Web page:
For Benton Yazzie, art is a therapy which has seen him through difficulties, solitude, and mistreatment.
Yazzie, a Navajo artist who now lives in Cortez, grew up on a reservation in western New Mexico. He was isolated throughout much of his childhood and young adulthood, and struggled with alcoholism before finding his way through art.
His art now graces a wall at the Mancos Public Library, where it will hang through the month of June.
Yazzie grew up west of Gallup, New Mexico, as one of 10 children. Neither his mother nor father were present for much of his upbringing, and he was primarily raised by his grandmother.
“I was lost,” he said. “I didn’t know a lot of things. The question was ‘why.’ Because there was nobody to show me or guide me.” His grandmother was there, but there were too many of children to keep track of, he said.
He and his brothers and sisters were sent to Chuska Boarding School in Tohatchi, which was not a good experience either, Yazzie said. His feelings of isolation and solitude increased.
On summer breaks and holidays, he and his brothers drew and doodled to entertain themselves back on the reservation. It became an outlet for his emotions, he said.
“We all drew in the evening, until midnight,” he said. “We had the candlelight there – so we had no electricity, nothing, no TV, nothing. So that was our entertainment.”
Later, though, he turned to alcohol as a way to cope, he said, as did several other family members. Some of them died from addiction or substance abuse.
In 2012, he decided to make a change. He came to Cortez to attend a program through the Christian Discipleship Center and started to paint.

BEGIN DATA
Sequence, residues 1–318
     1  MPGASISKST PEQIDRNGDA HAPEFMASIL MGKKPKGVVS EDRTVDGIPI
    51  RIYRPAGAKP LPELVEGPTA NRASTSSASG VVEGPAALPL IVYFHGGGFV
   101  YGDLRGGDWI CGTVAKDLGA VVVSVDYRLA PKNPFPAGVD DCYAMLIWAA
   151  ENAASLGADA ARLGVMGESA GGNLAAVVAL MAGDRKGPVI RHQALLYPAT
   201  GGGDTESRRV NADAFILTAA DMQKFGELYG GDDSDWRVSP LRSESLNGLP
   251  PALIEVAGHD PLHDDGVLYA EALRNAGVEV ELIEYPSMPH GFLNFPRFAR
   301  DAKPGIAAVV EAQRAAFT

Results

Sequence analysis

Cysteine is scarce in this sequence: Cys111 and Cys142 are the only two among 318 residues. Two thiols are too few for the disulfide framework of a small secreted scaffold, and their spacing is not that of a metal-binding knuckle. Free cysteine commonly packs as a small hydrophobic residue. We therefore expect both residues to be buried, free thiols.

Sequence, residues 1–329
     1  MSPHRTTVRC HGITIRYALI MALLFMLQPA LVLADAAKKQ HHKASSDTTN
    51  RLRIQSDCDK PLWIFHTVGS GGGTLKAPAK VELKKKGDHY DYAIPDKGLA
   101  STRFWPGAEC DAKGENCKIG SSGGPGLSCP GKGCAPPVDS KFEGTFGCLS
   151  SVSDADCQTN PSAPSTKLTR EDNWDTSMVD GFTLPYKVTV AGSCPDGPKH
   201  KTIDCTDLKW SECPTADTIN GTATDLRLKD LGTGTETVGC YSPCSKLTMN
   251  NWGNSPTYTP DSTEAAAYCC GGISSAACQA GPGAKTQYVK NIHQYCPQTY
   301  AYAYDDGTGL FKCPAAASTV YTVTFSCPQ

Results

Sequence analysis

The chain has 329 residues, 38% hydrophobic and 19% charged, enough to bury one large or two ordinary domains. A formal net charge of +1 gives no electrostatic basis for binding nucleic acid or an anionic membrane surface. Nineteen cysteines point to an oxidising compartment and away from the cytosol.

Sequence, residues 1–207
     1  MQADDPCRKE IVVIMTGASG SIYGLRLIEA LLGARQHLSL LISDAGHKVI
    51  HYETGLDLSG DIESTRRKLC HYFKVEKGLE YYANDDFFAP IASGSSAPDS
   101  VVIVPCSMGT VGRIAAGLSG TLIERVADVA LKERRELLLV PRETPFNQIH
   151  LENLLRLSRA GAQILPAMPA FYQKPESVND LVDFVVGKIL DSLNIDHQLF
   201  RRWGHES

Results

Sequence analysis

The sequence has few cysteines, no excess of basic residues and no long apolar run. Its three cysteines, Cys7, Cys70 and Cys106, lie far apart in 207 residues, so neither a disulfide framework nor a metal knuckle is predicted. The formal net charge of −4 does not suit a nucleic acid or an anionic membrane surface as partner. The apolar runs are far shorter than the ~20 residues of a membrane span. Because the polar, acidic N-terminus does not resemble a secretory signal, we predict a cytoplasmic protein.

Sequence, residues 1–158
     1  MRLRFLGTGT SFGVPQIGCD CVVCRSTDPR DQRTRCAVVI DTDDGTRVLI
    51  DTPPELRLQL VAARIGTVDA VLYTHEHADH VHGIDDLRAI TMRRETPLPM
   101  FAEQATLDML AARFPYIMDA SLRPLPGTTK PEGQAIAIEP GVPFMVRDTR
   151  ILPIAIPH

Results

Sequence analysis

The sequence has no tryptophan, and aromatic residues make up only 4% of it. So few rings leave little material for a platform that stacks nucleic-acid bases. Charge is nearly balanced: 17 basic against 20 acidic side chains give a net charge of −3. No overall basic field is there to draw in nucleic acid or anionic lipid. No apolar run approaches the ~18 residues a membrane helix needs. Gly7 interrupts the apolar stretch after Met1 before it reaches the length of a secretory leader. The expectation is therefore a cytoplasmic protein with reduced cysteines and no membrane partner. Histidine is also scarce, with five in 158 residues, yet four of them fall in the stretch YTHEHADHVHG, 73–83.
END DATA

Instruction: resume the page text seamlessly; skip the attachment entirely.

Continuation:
The art is therapy for him, but also a way to reconnect with parts of his heritage that he feels have faded. Many of his paintings focus on how he and others from his culture face a tension trapping them between two worlds – reservation life and the fast-paced modern world.
Yazzie has come to focus on textured sand painting too, something he felt was disappearing.
“That’s how I see our culture, fading out,” he said. “And also the sand painting, as well. It’s dying out, that’s why I brought it back.”
Yazzie also led a sand painting workshop at the Cortez Public Library back in January. He has a unique style, gluing layers of sand on a canvas to create a textured surface.
He lives in Cortez now, and is seeking out his purpose, he said. He continues painting and creating art, and helps out at the CDC with maintenance, in addition to teaching art classes there.
“I’m thankful for finally finding out ‘why,’ the purpose I’m here,” he said.
Yazzie gave a talk on his life, art, and struggles at the Mancos library on June 6. He will return to the library June 29 to lead a workshop on textured sand painting.